Slow Reading Group: Making Peace with the Earth

The Three Ecologies Research Group at Nottingham Contemporary is holding a series of free reading sessions. Join us every third Monday of the month at 7pm.

Come along, we are reading together (literally, aloud, and slowly) and discussing contemporary ecology. We read texts and books that encompass social relations and human subjectivity as well as environmental concerns.

After finishing the last two chapters of 'Caliban and the Witch' by Silvia Federici we now move on to 'Making Peace with the Earth' by Vandana Shiva.

Vandana Shiva is known by many as an environmentalist, anti-globalisation campaigner, and a founder of eco-feminism. Although this book isn’t explicitly eco-feminist in content, it is a compelling exposition demolishing the myths propagated by corporate globalisation in its pursuit of profit and power, and shows its devastating environmental impact.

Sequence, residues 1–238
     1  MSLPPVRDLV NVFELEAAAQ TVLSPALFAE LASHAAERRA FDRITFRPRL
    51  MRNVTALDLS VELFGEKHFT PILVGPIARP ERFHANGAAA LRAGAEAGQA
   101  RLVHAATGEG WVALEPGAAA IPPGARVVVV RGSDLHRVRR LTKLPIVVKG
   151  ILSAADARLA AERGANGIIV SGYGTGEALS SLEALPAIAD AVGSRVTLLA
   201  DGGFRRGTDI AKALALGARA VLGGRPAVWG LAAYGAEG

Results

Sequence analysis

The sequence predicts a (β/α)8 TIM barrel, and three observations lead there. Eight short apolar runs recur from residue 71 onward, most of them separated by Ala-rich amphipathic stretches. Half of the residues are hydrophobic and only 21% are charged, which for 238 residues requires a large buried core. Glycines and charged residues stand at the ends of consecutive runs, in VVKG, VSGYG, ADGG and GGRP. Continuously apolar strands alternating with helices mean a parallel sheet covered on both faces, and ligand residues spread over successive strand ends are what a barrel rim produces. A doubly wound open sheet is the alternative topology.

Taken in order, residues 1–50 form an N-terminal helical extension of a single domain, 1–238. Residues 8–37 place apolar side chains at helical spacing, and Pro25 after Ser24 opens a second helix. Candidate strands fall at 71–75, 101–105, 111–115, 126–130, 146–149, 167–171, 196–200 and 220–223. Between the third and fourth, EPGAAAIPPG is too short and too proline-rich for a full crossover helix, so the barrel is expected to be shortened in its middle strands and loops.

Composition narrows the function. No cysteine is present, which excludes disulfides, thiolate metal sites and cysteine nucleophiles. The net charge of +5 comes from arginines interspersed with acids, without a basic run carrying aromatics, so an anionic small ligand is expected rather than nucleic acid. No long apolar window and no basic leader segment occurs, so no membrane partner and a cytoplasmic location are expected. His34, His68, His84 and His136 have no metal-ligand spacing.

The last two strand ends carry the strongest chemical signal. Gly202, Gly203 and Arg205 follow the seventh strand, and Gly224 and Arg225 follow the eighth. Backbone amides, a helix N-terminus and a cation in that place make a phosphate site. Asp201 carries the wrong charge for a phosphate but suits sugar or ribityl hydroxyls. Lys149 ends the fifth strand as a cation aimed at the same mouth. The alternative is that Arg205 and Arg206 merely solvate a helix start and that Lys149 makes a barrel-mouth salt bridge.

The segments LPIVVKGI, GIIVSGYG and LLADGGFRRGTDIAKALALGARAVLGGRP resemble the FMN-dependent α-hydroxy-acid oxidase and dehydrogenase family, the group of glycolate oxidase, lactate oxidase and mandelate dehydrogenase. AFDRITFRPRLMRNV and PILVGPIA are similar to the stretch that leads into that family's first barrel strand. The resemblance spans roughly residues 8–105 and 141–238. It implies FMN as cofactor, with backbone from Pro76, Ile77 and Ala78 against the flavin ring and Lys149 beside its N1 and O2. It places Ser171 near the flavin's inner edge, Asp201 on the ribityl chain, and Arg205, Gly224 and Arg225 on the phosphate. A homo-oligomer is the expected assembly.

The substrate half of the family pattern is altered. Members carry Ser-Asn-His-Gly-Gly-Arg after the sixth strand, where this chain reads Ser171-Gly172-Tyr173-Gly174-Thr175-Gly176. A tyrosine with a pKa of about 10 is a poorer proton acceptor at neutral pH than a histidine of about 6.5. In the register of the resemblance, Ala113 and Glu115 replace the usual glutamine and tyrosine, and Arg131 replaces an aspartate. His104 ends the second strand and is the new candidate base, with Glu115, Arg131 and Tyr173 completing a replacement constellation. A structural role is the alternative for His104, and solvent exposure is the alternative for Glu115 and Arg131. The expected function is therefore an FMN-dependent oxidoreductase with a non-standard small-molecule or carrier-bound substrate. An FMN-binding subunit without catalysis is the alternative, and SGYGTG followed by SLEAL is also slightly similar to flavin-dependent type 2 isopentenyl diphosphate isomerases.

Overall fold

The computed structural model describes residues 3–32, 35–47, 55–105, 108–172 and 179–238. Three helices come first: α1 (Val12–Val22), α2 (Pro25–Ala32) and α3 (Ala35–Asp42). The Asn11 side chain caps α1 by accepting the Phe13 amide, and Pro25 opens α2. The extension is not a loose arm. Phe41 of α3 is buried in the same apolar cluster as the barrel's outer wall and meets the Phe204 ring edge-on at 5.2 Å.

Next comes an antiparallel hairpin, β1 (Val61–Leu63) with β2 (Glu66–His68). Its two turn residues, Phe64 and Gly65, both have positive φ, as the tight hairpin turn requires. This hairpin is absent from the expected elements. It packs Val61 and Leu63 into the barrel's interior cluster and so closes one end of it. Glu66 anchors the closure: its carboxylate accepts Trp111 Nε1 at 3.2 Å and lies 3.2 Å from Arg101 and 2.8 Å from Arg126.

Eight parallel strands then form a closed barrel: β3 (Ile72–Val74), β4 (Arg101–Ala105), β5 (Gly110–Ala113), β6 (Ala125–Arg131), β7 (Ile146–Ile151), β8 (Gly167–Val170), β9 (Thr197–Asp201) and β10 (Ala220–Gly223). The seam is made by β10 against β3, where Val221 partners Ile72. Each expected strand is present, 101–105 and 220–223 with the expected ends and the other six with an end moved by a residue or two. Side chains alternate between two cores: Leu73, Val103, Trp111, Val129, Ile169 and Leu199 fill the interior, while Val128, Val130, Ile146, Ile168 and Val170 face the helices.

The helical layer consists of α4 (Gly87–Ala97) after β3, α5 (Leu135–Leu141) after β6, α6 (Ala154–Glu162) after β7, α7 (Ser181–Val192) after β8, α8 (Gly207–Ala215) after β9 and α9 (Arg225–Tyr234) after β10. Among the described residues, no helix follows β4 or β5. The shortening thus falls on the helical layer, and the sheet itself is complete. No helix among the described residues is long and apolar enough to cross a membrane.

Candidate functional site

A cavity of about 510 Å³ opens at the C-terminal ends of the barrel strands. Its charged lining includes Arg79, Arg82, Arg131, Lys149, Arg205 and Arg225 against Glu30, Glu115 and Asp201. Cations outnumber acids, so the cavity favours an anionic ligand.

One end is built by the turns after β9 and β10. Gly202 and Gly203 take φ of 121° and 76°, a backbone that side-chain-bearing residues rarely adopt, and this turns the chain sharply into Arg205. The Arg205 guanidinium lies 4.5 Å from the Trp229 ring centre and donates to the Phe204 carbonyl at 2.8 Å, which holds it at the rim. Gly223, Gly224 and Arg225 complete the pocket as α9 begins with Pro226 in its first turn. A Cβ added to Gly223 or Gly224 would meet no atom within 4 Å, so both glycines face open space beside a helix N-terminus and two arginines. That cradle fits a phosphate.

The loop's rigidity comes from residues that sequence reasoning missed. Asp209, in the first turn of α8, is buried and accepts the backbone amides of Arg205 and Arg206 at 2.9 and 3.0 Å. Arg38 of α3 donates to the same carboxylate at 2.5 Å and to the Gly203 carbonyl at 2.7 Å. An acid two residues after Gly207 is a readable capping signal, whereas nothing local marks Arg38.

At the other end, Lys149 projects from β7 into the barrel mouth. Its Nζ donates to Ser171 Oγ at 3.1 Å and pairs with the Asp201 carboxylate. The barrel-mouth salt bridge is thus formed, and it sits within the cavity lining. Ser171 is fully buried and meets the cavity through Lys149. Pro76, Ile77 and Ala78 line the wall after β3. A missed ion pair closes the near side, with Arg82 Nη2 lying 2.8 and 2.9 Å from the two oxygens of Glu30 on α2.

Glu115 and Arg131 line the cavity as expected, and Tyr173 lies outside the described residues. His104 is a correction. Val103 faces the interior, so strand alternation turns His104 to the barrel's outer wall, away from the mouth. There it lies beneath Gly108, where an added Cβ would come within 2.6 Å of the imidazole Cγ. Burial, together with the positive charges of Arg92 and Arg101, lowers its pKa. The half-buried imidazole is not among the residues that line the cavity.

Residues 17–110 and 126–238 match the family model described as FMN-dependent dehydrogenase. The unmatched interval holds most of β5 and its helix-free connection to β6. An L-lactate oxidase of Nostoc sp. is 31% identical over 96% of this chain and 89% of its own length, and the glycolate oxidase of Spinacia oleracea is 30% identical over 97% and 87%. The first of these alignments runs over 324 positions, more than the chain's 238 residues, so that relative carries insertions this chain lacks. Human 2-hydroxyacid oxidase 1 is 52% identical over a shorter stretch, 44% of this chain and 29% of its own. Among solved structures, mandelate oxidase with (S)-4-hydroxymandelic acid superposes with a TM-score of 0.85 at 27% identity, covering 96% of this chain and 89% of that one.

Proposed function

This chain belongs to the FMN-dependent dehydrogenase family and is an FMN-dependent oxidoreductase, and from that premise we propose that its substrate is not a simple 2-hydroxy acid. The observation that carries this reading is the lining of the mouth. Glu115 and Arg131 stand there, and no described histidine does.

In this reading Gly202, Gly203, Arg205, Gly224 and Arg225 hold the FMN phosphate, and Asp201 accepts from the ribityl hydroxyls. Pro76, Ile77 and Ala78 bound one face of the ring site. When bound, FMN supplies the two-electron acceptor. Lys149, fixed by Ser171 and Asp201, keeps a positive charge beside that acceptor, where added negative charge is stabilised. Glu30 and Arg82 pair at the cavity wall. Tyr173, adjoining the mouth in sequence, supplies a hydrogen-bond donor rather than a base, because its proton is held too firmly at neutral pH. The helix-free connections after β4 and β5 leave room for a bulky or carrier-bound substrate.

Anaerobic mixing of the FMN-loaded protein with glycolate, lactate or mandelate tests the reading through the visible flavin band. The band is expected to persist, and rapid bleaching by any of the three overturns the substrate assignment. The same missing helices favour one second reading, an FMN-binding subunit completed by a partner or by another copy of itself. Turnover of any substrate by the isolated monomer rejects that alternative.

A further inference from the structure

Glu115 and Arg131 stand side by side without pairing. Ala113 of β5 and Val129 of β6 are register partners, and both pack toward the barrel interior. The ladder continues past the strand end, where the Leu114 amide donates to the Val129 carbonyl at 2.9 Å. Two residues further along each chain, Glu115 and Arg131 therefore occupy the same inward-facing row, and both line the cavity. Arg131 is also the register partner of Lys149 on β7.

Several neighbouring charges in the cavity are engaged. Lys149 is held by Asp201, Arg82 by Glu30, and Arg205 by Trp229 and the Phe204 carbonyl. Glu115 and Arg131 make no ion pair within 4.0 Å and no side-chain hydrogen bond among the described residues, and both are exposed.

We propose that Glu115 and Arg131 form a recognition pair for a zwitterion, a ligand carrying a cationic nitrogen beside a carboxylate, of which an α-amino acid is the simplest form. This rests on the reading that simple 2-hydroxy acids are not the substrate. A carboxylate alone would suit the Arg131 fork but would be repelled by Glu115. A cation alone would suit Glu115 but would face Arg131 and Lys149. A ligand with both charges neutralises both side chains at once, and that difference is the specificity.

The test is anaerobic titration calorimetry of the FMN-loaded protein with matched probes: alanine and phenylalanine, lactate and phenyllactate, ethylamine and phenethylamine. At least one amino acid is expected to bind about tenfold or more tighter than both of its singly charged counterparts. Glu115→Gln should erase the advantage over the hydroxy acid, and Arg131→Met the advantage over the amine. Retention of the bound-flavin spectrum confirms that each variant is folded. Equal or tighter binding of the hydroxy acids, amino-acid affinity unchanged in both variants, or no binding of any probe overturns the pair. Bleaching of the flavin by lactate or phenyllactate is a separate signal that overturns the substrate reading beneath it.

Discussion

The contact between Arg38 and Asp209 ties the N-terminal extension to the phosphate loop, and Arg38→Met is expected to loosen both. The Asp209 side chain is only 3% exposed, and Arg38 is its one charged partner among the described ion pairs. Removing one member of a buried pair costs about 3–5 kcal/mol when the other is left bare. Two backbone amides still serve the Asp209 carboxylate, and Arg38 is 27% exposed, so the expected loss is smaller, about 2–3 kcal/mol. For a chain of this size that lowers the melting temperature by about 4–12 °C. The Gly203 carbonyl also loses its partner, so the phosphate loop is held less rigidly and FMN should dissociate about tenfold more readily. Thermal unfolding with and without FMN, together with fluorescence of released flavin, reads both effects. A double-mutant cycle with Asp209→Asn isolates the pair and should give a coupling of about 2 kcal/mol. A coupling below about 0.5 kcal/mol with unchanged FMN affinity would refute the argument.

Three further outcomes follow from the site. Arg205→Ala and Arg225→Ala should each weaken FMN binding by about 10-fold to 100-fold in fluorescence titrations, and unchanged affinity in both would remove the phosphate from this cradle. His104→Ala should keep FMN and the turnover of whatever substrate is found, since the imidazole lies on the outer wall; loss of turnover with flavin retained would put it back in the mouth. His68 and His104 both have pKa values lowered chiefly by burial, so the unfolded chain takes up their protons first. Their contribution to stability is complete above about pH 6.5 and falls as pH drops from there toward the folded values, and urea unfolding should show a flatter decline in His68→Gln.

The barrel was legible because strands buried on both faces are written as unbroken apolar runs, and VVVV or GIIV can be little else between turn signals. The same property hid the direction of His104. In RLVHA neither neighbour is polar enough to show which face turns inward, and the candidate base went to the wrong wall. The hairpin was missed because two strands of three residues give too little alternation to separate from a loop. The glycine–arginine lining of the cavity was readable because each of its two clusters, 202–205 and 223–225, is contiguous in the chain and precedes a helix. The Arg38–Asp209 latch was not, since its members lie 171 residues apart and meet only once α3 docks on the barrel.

We will have copies of the chapters available on the day.

Free. All welcome. No need to book.

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Vandana Shiva is a physicist, environmental activist and the author of over 300 papers in leading scientific and technical journals. Shiva participated in the nonviolent Chipko movement during the 1970s. The movement, whose main participants were women, adopted the tactic of hugging trees to prevent their felling. She is one of the leaders of the International Forum on Globalization, (along with Jerry Mander, Edward Goldsmith, Ralph Nader, Jeremy Rifkin, et al.), and a figure of the global solidarity movement known as the alter-globalization movement. She has argued for the wisdom of many traditional practices, as is evident from her interview in the book Vedic Ecology (by Ranchor Prime) that draws upon India's Vedic heritage.

The Three Ecologies is a multidisciplinary ecology research group established in collaboration with the University of Nottingham. The group meets every month at Nottingham Contemporary, they not only organise events but also visit different sites and organisations in the city in order to explore the city’s ecological context.

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